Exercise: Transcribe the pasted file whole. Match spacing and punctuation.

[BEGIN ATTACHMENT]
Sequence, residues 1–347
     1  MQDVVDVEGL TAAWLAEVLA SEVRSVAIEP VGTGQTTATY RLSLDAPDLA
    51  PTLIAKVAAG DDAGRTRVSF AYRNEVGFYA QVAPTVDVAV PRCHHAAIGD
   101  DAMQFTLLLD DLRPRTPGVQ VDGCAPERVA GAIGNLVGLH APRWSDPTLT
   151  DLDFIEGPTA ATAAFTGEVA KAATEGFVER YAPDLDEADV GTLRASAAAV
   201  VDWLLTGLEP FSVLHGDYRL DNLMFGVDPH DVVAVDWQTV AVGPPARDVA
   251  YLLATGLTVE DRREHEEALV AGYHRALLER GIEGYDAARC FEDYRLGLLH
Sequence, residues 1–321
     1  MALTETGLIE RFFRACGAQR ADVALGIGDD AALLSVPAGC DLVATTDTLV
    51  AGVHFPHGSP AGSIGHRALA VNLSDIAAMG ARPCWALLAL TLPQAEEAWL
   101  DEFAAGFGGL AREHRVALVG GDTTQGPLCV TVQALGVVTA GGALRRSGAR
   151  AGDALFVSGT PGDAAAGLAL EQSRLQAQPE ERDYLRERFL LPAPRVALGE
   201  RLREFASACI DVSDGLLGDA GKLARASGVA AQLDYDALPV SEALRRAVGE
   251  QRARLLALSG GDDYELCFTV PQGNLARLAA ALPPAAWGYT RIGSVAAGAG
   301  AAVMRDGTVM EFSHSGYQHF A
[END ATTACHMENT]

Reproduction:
Sequence, residues 1–347
     1  MQDVVDVEGL TAAWLAEVLA SEVRSVAIEP VGTGQTTATY RLSLDAPDLA
    51  PTLIAKVAAG DDAGRTRVSF AYRNEVGFYA QVAPTVDVAV PRCHHAAIGD
   101  DAMQFTLLLD DLRPRTPGVQ VDGCAPERVA GAIGNLVGLH APRWSDPTLT
   151  DLDFIEGPTA ATAAFTGEVA KAATEGFVER YAPDLDEADV GTLRASAAAV
   201  VDWLLTGLEP FSVLHGDYRL DNLMFGVDPH DVVAVDWQTV AVGPPARDVA
   251  YLLATGLTVE DRREHEEALV AGYHRALLER GIEGYDAARC FEDYRLGLLH
Sequence, residues 1–321
     1  MALTETGLIE RFFRACGAQR ADVALGIGDD AALLSVPAGC DLVATTDTLV
    51  AGVHFPHGSP AGSIGHRALA VNLSDIAAMG ARPCWALLAL TLPQAEEAWL
   101  DEFAAGFGGL AREHRVALVG GDTTQGPLCV TVQALGVVTA GGALRRSGAR
   151  AGDALFVSGT PGDAAAGLAL EQSRLQAQPE ERDYLRERFL LPAPRVALGE
   201  RLREFASACI DVSDGLLGDA GKLARASGVA AQLDYDALPV SEALRRAVGE
   251  QRARLLALSG GDDYELCFTV PQGNLARLAA ALPPAAWGYT RIGSVAAGAG
   301  AAVMRDGTVM EFSHSGYQHF A